By adopting a market diversification strategy a few years ago, ARC Resources Ltd. reduced its 2018 exposure to western Canadian natural gas prices to only about 20 per cent of its output, investors heard on Monday.

“For the last couple of years we've seen a supply crunch happening in Western Canada. And we've seen that [Western Canada] was going to be challenged to find markets,” said Ryan Berrett, vice-president of marketing.


The company ensured its costs are low enough to compete with the lowest-cost gas plays in North America. ARC has low operating costs because it typically owns its own infrastructure.

Given its low costs and Northern Border pipeline contracts, ARC can land gas in Chicago from its Sunrise project in British Columbia at a full-cycle cost of about C$1.90 per mcf, Berrett told the company’s investor day conference.

And he said for another C25 cents the company can land its gas at Henry Hub.

“When we think about a $3 Henry Hub price, which is around where it's been trading, that gives us a full-cycle netback of US$1.30, or $1.65 Canadian per mcf,” Berrett said. “And it shows that our economics compete favourably within North America.”

Though western Canadian gas prices rose recently with the early onset of winter, the AECO benchmark had dropped below zero in past weeks.

“This is something that we had planned for, and our strategy that we put in place over the past couple of years has allowed us to realize an incremental dollar per mcf to our gas price throughout the year,” Berrett told analysts.

ARC’s diversification includes a combination of physical and financial strategies, using multiple sales points to reduce risk.

In 2018, “we only have about 20 per cent of our gas exposed to western Canadian pricing,” Berrett said, referring to AECO and Station 2 pricing.

“We think this is something that is going to be prevalent for the next couple of years and we continue to take a long-term approach to our price-management strategies. ... We currently have a gas hedge book work over $260 million.”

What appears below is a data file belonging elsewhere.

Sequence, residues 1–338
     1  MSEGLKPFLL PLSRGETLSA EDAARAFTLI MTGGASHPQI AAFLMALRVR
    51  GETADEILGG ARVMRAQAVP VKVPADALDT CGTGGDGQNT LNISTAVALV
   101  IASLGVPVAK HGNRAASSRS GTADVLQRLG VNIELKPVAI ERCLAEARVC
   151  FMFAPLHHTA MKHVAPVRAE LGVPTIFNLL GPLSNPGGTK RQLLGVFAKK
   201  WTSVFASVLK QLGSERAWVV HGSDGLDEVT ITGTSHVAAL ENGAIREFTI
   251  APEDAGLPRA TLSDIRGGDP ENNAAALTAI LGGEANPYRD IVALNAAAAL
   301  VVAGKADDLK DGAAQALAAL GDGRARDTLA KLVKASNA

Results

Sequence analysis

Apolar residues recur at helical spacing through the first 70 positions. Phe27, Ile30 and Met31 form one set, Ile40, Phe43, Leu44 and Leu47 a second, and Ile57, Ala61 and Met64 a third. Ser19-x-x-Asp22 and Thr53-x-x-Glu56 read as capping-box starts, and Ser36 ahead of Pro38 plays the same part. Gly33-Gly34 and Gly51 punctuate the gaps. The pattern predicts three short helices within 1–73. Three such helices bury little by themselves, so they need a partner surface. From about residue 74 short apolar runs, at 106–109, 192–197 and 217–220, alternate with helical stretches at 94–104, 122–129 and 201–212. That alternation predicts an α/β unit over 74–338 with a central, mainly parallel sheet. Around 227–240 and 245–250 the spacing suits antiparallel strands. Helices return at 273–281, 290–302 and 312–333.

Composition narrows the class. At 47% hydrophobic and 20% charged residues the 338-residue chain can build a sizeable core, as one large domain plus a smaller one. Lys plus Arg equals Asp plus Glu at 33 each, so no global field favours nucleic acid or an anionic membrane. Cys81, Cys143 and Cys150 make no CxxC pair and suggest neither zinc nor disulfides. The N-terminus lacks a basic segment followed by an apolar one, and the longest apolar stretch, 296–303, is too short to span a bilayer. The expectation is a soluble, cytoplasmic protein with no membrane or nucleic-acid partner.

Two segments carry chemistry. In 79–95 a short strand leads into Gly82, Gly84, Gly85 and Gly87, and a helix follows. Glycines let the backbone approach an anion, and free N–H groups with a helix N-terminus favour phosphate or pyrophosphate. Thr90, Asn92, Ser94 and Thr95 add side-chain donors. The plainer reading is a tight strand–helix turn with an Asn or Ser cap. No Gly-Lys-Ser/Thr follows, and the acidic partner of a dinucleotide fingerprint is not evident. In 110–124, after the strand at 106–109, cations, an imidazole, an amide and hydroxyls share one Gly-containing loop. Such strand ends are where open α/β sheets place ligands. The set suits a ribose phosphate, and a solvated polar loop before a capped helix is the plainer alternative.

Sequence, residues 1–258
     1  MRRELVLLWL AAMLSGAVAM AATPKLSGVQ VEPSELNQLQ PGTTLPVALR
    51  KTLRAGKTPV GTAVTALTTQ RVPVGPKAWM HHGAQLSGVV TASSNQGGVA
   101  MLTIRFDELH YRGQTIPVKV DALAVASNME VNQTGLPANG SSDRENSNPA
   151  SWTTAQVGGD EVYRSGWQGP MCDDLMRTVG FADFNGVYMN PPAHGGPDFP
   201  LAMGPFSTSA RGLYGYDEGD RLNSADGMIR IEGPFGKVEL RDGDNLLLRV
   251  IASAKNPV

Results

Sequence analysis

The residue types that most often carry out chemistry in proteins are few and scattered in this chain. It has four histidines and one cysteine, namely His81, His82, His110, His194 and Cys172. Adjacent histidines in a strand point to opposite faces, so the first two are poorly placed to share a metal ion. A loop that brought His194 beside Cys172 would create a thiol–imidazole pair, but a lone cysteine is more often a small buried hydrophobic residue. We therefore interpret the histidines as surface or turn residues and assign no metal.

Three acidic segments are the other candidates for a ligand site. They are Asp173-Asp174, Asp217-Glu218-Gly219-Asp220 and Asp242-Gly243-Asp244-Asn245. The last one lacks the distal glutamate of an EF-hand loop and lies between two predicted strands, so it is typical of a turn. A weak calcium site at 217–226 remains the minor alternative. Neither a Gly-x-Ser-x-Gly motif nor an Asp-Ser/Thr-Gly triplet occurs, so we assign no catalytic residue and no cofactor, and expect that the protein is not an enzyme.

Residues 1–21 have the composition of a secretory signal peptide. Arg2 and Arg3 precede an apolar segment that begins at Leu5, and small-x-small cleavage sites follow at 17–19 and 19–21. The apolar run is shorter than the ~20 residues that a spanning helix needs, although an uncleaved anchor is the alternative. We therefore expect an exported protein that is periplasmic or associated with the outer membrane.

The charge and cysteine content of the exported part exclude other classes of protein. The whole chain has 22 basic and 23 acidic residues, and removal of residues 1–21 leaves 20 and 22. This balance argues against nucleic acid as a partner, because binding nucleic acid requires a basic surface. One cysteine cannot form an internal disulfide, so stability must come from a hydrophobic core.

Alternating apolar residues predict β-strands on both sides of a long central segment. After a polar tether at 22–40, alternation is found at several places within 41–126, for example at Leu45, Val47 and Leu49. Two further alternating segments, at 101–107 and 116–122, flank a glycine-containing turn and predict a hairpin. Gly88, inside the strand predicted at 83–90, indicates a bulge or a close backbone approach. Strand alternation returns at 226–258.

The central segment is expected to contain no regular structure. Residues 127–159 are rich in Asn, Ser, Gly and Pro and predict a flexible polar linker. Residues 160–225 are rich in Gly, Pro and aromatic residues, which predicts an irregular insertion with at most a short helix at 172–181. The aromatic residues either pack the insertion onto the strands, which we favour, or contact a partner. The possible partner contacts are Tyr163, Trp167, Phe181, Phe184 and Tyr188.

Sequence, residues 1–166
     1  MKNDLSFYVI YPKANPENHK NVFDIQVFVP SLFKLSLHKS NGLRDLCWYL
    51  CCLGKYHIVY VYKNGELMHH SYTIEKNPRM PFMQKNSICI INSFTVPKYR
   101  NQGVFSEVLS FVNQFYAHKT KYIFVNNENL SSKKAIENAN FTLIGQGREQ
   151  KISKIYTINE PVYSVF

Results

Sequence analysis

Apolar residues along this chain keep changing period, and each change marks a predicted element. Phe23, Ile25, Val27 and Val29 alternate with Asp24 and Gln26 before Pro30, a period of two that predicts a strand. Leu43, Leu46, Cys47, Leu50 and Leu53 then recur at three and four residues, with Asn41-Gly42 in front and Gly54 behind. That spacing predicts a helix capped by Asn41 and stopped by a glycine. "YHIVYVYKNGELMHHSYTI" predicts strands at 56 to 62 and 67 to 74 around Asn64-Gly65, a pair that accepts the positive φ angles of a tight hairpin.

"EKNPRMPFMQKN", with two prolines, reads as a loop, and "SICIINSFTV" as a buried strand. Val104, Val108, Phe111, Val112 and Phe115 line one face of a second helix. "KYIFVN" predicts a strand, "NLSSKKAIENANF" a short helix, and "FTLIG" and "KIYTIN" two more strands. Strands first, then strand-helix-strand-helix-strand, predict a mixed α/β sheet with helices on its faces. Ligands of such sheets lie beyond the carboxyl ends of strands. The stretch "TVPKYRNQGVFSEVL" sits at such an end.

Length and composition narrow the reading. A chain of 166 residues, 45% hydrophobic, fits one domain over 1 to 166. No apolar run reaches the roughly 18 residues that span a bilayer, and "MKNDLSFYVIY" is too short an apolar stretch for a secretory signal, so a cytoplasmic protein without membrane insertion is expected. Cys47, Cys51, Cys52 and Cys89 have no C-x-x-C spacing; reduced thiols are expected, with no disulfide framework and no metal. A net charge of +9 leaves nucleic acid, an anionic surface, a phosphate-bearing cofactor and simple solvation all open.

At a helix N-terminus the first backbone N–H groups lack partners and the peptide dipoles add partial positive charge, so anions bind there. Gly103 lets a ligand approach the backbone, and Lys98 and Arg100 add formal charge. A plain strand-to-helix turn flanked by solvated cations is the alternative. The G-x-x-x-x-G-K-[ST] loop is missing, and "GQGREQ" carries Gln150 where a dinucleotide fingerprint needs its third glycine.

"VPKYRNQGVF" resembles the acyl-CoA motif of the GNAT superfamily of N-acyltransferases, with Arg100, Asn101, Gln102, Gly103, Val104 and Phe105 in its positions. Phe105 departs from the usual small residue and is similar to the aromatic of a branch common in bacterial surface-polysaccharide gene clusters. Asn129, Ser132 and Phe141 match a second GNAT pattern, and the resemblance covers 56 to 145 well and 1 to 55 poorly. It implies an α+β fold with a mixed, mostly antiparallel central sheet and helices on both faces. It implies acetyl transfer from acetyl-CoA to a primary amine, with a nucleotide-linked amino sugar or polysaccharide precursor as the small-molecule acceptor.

About two weeks ago ARC began shipping gas to Dawn under TransCanada Corporation’s long-term fixed-price contract.

“We will have incremental gas moving into the Pacific Northwest later next year and in 2020. And we continue to evaluate multiple market access [options],” he added.

Also, new contracts to sell gas to southern Oregon kick in 2020, added Myron Stadnyk, ARC’s president and CEO.

He added: “Our team has done a really good job of looking ahead a few years.”

For example, transportation capacity for ARC’s Sunrise Phase 2, which comes onstream next year, was secured a couple of years ago. And contracts to get output from Dawson Phase 4, slated for around 2020, onto the TransCanada system are “well in hand,” Stadnyk said.

“So we have a pretty deliberate firm-capacity contracting that's three to four years ahead.”


In the longer term, billions of dollars of investment in new transportation capacity will prevent the kind of AECO price collapse that happened in recent weeks, ARC officials said.

But with gas production from the Montney far outpacing construction of new takeaway capacity, the current glut is no surprise, they said.

“We thought last year gas prices should have gone to zero. And they didn't because of the way TransCanada managed [it],” Berrett said. “A year ago TransCanada would cut firm-service receipts. So all of our production would get cut 20 per cent on our firm service receipt.”

He suggested the recent Dawn long-term firm transportation service is “probably the first step where there has been a very profound movement from the producer community to underpin capacity to get out of Western Canada. And I think that's probably a nearer-term solution to help rectify this issue.”

But until transportation capacity catches up with production capacity, producers have to be able to make money at gas prices between $2 and $3 an mcf, said Stadnyk.

He said ARC, which owns and operates its own infrastructure, has finding and development costs and royalty structures that can compete with the Marcellus shale gas play in the U.S. Northeast.

“I think you have to expect some of this tough gas price that we just saw in the past few weeks to happen again next year — until you see these physical changes made to the system on compression and rerouting the gas,” Stadnyk said. “And we're planning for that.”